There’s an old-fashioned charm to homemade root beer with its odd array of roots and bark, flowers, leaves, and berries. Fortunately, this old-fashioned herbal root beer recipe is easy to make at home.
You'll need aromatic herbs, a little bit of sugar, and a starter culture like ginger bug or kombucha. And within a few days, you'll have a naturally fizzy, bubbly brew.
What is root beer?
Root beer is a distinctly American drink with a sweet, herbal flavor that's been made since the colonial era.
Traditionally, brewers made the drink by fermenting an herbal decoction made with sassafras bark, sarsaparilla root, and other herbs with sugar and yeast to make a naturally bubbly, probiotic soft drink. In this way, it joins the ranks of other traditionally fermented drinks such as kvass and tepache.
In the 20th century, the traditional herbal recipe fell from favor, and soft drink manufacturers began making it with artificial flavors. Moreover, they stopped culturing root beer and, instead, carbonated it.
While most homebrewers make their root beers from artificially flavored root beer extracts, there’s a certain undeniable charm of brewing root beer the traditional way. Slowly simmering a decoction of roots, bark, and spices, adding a touch of sugar, and then stirring in a starter.
Then all you have to do is bottle the brew and wait for those beneficial bacteria and yeast to do their work.
Sassafras, sarsaparilla, ginger root, and birch all give the brew its distinctive flavor, but without the additives.
- Sassafras gives root beer its distinctive, slightly mint-like flavor. And it's traditionally used to purify the blood in folk medicine.
- Sarsaparilla is traditionally used as a renal tonic and for the complexion.
- Ginger gives this root beer recipe a rich, fiery note. Herbalists use ginger to support cardiovascular and metabolic health, as well as for nausea and stomach upset.
- Licorice gives the recipe a subtle, anise-like sweetness that pairs well with sassafras. Licorice also supports adrenal health, and may be helpful in addressing hormonal imbalance in women.
- Dandelion Root adds the subtlest bitter note to the brew. Dandelion root also supports liver health.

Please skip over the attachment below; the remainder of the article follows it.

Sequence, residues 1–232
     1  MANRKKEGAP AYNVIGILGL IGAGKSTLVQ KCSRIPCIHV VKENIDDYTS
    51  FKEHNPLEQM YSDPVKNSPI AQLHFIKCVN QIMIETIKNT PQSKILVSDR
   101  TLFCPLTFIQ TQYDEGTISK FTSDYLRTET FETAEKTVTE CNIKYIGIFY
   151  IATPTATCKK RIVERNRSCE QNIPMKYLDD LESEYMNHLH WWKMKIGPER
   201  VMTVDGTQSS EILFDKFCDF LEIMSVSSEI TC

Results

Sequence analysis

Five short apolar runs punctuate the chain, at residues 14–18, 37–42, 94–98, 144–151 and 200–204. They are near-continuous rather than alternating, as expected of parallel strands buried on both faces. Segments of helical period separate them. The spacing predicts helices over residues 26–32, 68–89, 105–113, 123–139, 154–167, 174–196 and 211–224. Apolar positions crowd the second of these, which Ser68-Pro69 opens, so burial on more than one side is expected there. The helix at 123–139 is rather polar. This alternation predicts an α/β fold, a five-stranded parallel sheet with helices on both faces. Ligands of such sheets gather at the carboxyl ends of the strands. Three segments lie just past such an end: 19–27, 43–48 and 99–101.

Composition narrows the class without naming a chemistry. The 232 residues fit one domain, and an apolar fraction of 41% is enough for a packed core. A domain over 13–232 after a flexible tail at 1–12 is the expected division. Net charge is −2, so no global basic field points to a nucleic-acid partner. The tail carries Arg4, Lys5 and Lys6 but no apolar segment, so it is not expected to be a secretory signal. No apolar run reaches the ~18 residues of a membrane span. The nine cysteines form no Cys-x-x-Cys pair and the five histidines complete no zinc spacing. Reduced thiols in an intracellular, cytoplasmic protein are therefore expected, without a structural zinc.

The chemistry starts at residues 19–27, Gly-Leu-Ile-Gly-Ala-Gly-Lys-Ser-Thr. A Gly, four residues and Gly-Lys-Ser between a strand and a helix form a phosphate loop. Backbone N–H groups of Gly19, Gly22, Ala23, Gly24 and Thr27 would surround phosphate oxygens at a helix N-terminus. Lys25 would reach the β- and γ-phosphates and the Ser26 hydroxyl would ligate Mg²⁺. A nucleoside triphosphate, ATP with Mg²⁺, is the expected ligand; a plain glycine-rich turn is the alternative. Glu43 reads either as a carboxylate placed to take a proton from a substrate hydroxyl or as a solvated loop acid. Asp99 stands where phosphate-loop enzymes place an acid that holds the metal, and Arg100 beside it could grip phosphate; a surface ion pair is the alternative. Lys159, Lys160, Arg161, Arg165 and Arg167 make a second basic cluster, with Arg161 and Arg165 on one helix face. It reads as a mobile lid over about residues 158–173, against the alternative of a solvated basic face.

Where to find organic herbs and spices
You can find many fresh herbs at your local grocery store; however, medicinal herbs can be harder to find locally. We recommend Starwest Botanicals because they stock a wide assortment of organic and ethically wildcrafted culinary and medicinal herbs.
Sassafras is the dominant flavor in traditional root beer recipes. It also contains safrole, a naturally occurring polyphenol that you can also find in nutmeg, cinnamon, and other herbs.
In the 1960s, a study conducted on lab animals implicated safrole in liver damage. Of course, the lab rats were fed massive quantities of safrole – the human equivalent of consuming about 32 twelve-ounce bottles of root beer a day. After the study was released, the FDA required commercial soft drink makers to remove sassafras from their brews.
As a result, wintergreen came to replace sassafras in commercial root beer recipes.
Interestingly, while massive quantities of safrole caused liver cancer in lab animals, it seems that small doses may actually play a protective role for humans.
And the small amounts of safrole in your homemade root beer are likely just fine.
How to Make Root Beer
There are three basic steps to making homemade root beer. First, you'll start by making an herbal decoction by simmering the herbs in water until they release their aromatic compounds and other constituents. Then you'll sweeten the brew and add a starter culture so that it ferments. Lastly, you'll bottle the root beer and let it culture.